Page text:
There is very little history to speak of with regards to Ukraine's history within the realm of international football.
Though a team existed between the 1920s and 30s, all Ukrainian players inevitably found themselves playing under the domain
of the USSR. After the Soviet Union disbanded and Ukraine achieved independence in 1991, the majority of their best players,
including the likes of Andrei Kanchelskis, declared themselves for Russia after it was announced they would directly replace
the USSR. The Ukrainians were left out in the cold, and though a national side was formed in 1992 they were unable to compete
in qualification for the World Cup of 1994.
Indeed, prior to 2006 the Ukrainians had failed to reach the finals of any major international tournament, suffering defeat in the playoffs on no less than three occasions. Their sole international finals appearance was a resounding success, when they managed to reach the quarter-finals of the 2006 World Cup, losing to eventual winners Italy. They missed out on Euro 2008 and World Cup 2010, so will be thankful that as hosts of Euro 2012 they qualify automatically, and will be the sole nation making their European Championship finals debut in 2012.
Their recent form is difficult to judge; they haven’t played a competitive match for some time now which could prove detrimental, and their friendly performances have been patchy at best, with victories over Bulgaria, Estonia and Austria interspersed with defeats to Sweden and Uruguay, though a 3-3 draw at home to Germany in November inspires some optimism. 2004 Ballon d'Or winner Andriy Shevchenko continues to captain the side at the ripe old age of 35, whilst midfielder Serhiy Nazarenko also stands out with 12 goals in 47 international appearances.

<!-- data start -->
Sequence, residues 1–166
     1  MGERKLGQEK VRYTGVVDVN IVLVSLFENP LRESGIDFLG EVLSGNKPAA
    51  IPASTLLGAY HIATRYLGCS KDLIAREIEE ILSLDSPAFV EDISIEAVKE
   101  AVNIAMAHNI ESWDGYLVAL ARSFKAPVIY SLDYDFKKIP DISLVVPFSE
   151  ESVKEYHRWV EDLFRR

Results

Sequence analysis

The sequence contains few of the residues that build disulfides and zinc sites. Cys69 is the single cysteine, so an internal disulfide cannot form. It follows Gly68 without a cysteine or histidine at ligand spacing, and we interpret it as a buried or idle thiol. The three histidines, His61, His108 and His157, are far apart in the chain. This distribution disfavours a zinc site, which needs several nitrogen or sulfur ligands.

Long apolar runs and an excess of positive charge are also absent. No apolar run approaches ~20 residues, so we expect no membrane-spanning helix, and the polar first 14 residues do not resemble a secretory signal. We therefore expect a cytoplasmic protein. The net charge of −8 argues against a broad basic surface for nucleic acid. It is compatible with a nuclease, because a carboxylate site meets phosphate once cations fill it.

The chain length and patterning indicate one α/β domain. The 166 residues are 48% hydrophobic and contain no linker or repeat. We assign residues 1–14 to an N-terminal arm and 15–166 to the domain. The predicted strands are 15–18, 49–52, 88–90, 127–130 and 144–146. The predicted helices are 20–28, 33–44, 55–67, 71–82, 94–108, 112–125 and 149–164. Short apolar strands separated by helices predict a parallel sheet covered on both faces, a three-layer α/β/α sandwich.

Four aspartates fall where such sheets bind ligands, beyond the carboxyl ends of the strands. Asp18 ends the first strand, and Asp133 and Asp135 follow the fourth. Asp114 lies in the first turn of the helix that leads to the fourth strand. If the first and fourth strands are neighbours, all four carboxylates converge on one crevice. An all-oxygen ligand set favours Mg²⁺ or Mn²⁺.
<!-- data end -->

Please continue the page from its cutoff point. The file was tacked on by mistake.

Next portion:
Ukraine are 50/1 to lift the trophy, with the bookies placing them ahead of more established footballing nations such as Croatia and the Czech Republic. They have been drawn in Group D along with England, France and Sweden, and home advantage gives the 5/1 to win the group a certain appeal. The home faithful will take straightforward qualification to the quarter-finals, priced at 11/8, in a flash.
Manager: Oleh Blokhin
1 Maksym Koval (G, 19, Dynamo Kyiv)
2 Yevhen Selin (D, 24, Vorskla Poltava)
3 Yevhen Khacheridi (D, 24, Dynamo Kyiv)
4 Anatoliy Tymoshchuk (M, 33, Bayern Munich)
5 Oleksandr Kucher (D, 29, Shakhtar Donetsk)
6 Denys Harmash (M, 22, Dynamo Kyiv)
7 Andriy Shevchenko (c) (F, 35, Dynamo Kyiv)
8 Oleksandr Aliyev (M, 27, Dynamo Kyiv)
9 Oleh Husyev (M, 29, Dynamo Kyiv)
10 Andriy Voronin (F, 32, Dynamo Moscow)
11 Andriy Yarmolenko (F, 22, Dynamo Kyiv)
12 Andriy Pyatov (G, 27, Shakhtar Donetsk)
13 Vyacheslav Shevchuk (D, 33, Shakhtar Donetsk)
14 Ruslan Rotan (M, 30, Dnipro Dnipropetrovsk)
15 Artem Milev